I’ve just spoken to you about the constellation of 88 satellites called the Dove satellites. The other highly innovative set of satellites put up by the ISRO launch yesterday were the Leber satellites. Eight of them put up to spier global. These are extremely innovative in the sense that while most of the satellites do imagery, capturing visual images from the earth's surface, this satellite is engaged in capturing radio signals. So it is audio based. They look at GPS signaling from ships and other cargo vessels moving around on earth for various clients and in theory a few years down the road sufficient satellites around, they should be able to capture the movement virtually of any cargo carrying vehicle whether on land, sea or air. The same set of satellites also uses a technique to use GPS signals use the effect that they are going through the atmosphere which bends the signals and then from them obtain atmospheric data, weather data and data that relates to climate change and I think these would be of very high value both scientifically and commercially in the years to come. I think ISRO could do very well in learning how to innovate products in terms of satellites and how they are used rather than only be looking at launching vehicles.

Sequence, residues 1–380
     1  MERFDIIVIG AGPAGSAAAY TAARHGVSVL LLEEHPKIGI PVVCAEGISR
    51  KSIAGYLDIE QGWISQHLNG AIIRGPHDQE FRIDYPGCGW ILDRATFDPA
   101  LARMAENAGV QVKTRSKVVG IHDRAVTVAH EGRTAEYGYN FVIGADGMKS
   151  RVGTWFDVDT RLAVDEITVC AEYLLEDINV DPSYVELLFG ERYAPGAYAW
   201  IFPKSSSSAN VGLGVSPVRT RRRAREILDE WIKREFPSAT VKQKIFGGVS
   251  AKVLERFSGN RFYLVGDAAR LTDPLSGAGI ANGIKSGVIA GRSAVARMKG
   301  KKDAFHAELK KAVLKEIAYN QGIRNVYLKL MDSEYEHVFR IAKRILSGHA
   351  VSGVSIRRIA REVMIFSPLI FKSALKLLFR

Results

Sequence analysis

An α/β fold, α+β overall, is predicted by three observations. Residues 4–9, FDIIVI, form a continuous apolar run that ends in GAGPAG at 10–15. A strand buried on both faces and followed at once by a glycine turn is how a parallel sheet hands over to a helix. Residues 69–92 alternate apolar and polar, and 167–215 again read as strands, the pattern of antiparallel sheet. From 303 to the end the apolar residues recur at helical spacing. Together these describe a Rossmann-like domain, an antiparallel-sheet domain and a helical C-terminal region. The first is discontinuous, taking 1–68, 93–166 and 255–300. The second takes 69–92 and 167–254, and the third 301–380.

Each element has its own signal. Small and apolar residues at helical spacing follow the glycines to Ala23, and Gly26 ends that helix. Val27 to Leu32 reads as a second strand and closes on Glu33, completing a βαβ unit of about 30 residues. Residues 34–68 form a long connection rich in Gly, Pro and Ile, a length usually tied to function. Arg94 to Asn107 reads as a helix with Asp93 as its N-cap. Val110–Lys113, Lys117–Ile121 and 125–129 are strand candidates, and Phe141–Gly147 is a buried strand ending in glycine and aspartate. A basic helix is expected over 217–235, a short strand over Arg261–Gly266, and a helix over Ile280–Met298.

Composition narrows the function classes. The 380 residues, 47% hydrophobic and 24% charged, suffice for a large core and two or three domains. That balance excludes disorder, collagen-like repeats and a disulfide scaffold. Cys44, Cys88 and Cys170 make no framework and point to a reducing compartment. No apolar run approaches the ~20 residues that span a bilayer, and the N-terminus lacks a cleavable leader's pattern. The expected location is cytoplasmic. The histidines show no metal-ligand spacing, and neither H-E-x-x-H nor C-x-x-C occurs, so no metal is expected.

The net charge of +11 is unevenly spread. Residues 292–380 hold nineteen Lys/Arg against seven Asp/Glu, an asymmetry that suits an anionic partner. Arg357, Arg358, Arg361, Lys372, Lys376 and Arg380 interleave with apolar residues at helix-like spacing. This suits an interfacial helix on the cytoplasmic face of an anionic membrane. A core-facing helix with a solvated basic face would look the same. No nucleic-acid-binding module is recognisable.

NM: International media is focusing a lot on this achievement by India. They are calling it the new space race. So can you please throw some light on it?
DR: Well, I think that is the significant part of the ISRO launch, is that it cements India's position in the international launch market particularly for launching small satellites in low earth orbits. Part of this, like with many areas in which Indian Science and Technology has worked has been India has constrained. We don't have access to latest technologies. We haven't developed latest technologies ourselves but within the limitations of what we can do, we try to achieve the maximum what we can and do various innovations within that. We have done that in space and we have done that in nuclear as well. I think, this is an example. So we have specialized in a niche market. If people want a large communication satellite for television coverage, big military satellites they will not come to India at the moment because India still has only the Polar Satellite Launch Vehicle, the PSLV.